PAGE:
My NOAA Doppler Radar Mosaic Imagery App has retired

Posted Posted in News and Stuff, Software

My most successful Windows App, NOAA Doppler Radar Mosaic Imagery has had a great run over the 6 years it has been available in the Microsoft Windows Store.

NOAA has changed their source to a totally different model (they’ve been changing the target date frequently but it looks like it has finally happened). My app used the same sources as Doppler Radar National Mosaic – NOAA’s National Weather Service   (which is also no longer working because the NOAA source used the now dead and discontinued Adobe Flash to power the animations) – the individual sectors lead to pages like New Radar Landing Page (

NOAA’s new implementation is at NWS Radar ( which is a totally different way of viewing this information and  it is interactive  and allows you to specify  your location as opposed to static stations. My advice is to use the new Chromium Edge, find your location and then use the install site as app menu and use it as a replacement. I hope you enjoyed using my app; I also hope that using Edge’s ability to install as app will work for you as a replacement.

To use Edge Chromium to set the NOAA site up as an App, navigate to the new NOAA site at and specify your location. Then select the three dots … on the upper right to open the menu, then Install this site as an app.

If you are a Google Chrome user, select the 3 dots …, then More tools, then Create shortcut.

And if you are a Firefox user, select the three dots … then Use This Site in App Mode

How to get online With Verizon with an unlocked Surface 3 LTE

Posted Posted in Software


Ever since I first heard about the Surface 3 with LTE, I was chomping at the bit to replace my Nokia Lumia 2520 with a better Windows tablet that included cellular capabilities. When I heard that the first devices would be AT&T only, and then T-Mobile I was disappointed. Then I heard about an unlocked version. When that unlocked SKU became available in mid September, I asked about Verizon. I couldn’t get an authoritative answer, but was told that a VZW specific model was coming. So I waited.

On November 12, I saw an announcement that Verizon was finally selling a VZW Surface 3 SKU. I tried to order online, but found that it was business customers only. Five lines, five devices. I called and was told the same thing. As a consumer, no chance. Needless to say, I was not a happy camper.

I decided LTE was LTE and that just had to be a way to get an unlocked Surface 3 LTE working on the VZW network. And I followed my instincts. Here are the steps. Don’t skip any.

1. Go to a Verizon company owned Store (not an agent)

2. They’ll need to add an unauthorized device to your account/plan (or swap out one that is already there).

3. They need to make a NANO SIM.

4. They need to place this NANO SIM in their demo iPad and activate it.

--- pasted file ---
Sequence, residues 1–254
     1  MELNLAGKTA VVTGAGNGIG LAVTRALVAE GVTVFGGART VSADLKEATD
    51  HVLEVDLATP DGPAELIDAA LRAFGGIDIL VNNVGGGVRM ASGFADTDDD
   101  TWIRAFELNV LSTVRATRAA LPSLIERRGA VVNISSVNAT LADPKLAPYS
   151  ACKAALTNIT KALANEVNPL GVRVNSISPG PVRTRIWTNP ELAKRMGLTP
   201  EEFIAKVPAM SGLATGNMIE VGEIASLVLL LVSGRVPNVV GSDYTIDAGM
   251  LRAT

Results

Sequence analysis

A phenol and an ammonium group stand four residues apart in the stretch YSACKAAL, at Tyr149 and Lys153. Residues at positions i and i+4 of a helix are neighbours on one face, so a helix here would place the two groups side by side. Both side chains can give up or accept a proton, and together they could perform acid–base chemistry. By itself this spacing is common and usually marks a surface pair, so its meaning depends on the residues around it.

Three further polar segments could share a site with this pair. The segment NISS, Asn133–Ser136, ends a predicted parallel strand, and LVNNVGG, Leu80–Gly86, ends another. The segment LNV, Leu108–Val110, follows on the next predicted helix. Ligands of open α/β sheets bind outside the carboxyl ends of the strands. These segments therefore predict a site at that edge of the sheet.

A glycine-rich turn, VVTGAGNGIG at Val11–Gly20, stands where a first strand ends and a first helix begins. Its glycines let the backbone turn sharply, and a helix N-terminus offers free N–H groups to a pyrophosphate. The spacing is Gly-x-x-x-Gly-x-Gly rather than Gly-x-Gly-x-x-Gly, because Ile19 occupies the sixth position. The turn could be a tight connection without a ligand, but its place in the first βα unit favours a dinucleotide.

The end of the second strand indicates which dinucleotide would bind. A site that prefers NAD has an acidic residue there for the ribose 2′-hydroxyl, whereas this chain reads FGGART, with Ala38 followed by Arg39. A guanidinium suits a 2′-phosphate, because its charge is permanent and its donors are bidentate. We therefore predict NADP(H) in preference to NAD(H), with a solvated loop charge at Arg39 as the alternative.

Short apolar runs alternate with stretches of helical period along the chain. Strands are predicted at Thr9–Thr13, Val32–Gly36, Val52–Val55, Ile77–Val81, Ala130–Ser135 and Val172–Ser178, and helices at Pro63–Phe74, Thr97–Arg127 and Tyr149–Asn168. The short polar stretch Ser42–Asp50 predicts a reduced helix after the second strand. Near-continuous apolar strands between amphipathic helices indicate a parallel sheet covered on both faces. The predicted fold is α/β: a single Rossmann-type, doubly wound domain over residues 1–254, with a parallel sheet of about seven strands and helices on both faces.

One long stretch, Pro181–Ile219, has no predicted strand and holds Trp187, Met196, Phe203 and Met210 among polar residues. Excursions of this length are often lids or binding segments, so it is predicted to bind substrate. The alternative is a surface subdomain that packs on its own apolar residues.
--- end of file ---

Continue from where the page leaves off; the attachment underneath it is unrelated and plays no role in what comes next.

5. They need to turn WiFi OFF on the demo iPad and wait for the SIM to activate on the network and verify by successfully browsing the web.   Making the connection to the Internet with the activated SIM is a critical step. Don’t let the VZW tech tell you this is not needed.

6. Completely turn off your Surface 3.

7. Put the NANO SIM in the Sim tray and slide into your Surface 3.

8. Turn on the Surface 3.


On the Surface 3.

1. Open Settings, Network and Internet and turn Cellular ON if it is off. You should turn Wi-Fi off temporarily to test your LTE connection

airplane mode


2. You may need to wait a few minutes, but as long as you or the VZW tech followed the first 5 steps above, you should get connected to Verizon’s LTE network. You’ll see an icon in the task tray indicating signal strength and should be able to visually confirm your connection in the Action Center.



Network and Internet, Cellular will show Connected as well.


Trouble Shooting

If the above doesn’t work (it really should), a few things you can check:

1. If Network and Internet, Cellular does NOT show Verizon Wireless (LTE), turn on Wi-Fi.


2. Tap the signal strength icon. This should let you access the info online about the SIM and the device. I’ve removed so PII from the screenshot below, but the important pieces are there. Under Network Mode, insure that it shows LTE and APN is set to vzwinternet. If it isn’t, get Verizon to make a new NANO SIM. A partially activated SIM might show GSM as the Network Mode.



connection manager

3. If you tap the Network Settings box above, on a successfully activated and working connection, the Network Type may show as Global. This is OK.




Verizon employees don’t have much experience with this and you can print this article out so they have a reference. Don’t let them tell you they have to send your device IMEI and other info in to a special team to be added to a database of devices. It isn’t needed and won’t help.

I hope this is helpful. If you’ve used this to get an unlocked Surface 3 online, let me know on Twitter @barbbowman. Enjoy

Able2Extract Cures PDF Hell

Posted Posted in Software

One of my longest standing pet peeves has been the non-manipulative nature of PDF files. I realize they are a necessary evil, especially in the print and marketing worlds where the authors want you to see something presented exactly as authored. PDF is also the most accepted camera ready format for both eBooks and print. For the past couple of years I have been using a program called Able2Extract Professional from Investintech on a casual basis to convert PDF files to Word files in order to comment on content for other people. This software is able to convert PDF documents into just about any format, and it is a must have tool for anyone that works/edits/comments on with PDF’s received from others. They offer a free trial, so it is a no brainer for anyone looking to check out the capabilities.